These dredges create so much drag when pulled through the water that they are commonly run off electric reels and/or electric downriggers. Running teasers on electric outfits means that they can be retrieved (sort of half-retrieved) at the press of a button. However, even with electric retrieval, you still need to clear the kit away and clear the decks to fight the fish.
A spreader bar is a single horizontal bar that hangs 3-5 strings of either squid or little cone head lures called bullets or lead heads. The last lure in a spreader bar set up maybe either a soft squid or a soft plastic shad tail. In general there will be between 9-16 lures (or dead baits) on a spreader bar.
There is also a splashbar that is a variation of the spreader bar. It’s horizontal bar that holds the strings of baits in position behind or through a largish splashing teaser bird or similar splasher.
Spreader bars and splash bars are often run from conventional tackle. Simply attach the teaser to the snap swivel on the fishing line and free spool the teaser back into place. I like to pull the teaser from a bent butt rod outfit in the 50lb class because the lower angle of the rod makes it easier to work your other rods (especially the one with the bait with a hook in it) around the teaser. A 50lb (24kg) line is also durable enough to deal with most light tackle teaser situations. I’m happier using 50lb single speed reel like an old Penn International 50 that is loaded with 200lb braid because the super heavy line gives even more room for error.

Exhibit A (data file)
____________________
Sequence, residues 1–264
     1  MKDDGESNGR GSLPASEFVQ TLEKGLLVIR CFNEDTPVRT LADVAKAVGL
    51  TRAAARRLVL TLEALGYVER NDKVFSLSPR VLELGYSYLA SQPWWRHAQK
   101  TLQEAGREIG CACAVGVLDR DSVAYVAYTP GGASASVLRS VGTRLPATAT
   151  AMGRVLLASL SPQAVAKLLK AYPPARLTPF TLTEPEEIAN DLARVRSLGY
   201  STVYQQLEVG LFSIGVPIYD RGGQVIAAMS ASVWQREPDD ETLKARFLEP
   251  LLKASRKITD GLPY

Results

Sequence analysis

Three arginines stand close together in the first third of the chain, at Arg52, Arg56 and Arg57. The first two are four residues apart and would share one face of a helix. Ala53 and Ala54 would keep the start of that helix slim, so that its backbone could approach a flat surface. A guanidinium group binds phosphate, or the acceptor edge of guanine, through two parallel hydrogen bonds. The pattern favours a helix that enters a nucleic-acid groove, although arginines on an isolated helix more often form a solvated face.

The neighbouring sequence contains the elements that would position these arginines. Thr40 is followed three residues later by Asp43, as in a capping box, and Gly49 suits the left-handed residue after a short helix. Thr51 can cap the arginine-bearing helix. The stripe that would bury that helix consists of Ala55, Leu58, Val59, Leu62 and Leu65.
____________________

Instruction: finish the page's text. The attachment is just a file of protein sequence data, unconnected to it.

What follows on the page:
Spreader bars have given way to dredges these days. Really a dredge is just a bunch of spreader bars combined together. The theory supporting the use of dredges is that the more visual stimulation that you tow in the water the better. In my opinion though, spreader bars are still the best option for small boats and/or novice crews.
My favourite spreader bars are those with a string of sassy shads in them. It’s pretty cool when you stare trance-like into the water at all those wiggling fish tails. Then all of a sudden you join the dots on a bigger image as a billfish materialises under or behind the ‘school’ and then lights up with neon bars to take a swipe at them with its mouth and bill – goose bumps!
A daisy chain is a singular string chain of small marlin lures, artificial squid, and/or teaser birds. The last lure in the chain is typically a different colour and may also have a hook in it.
The daisy chain is run off conventional tackle if it has a hook in it. If you are using the daisy chain as a teaser only, you have the option to run it through an outrigger off a teaser reel from the fly bridge (or helm) from where the skipper will run the boat’s teasers.
You can run a teaser off each side (corner) of the boat if you like, but most crews run a single teaser on one side of the boat and then aim to fight and land their big fish from the other side.
My favourite daisy chain that I first used on my family’s boat around Moreton Island back when I was still in primary school, is a bird with a row of semi-solid soft squids behind it and the last lure in the chain is a slant face Moldcraft lure.
Next month, I’ll continue the discussion of teasers and the issue of ‘to hook or not to hook’ and the best techniques.Reads: 12636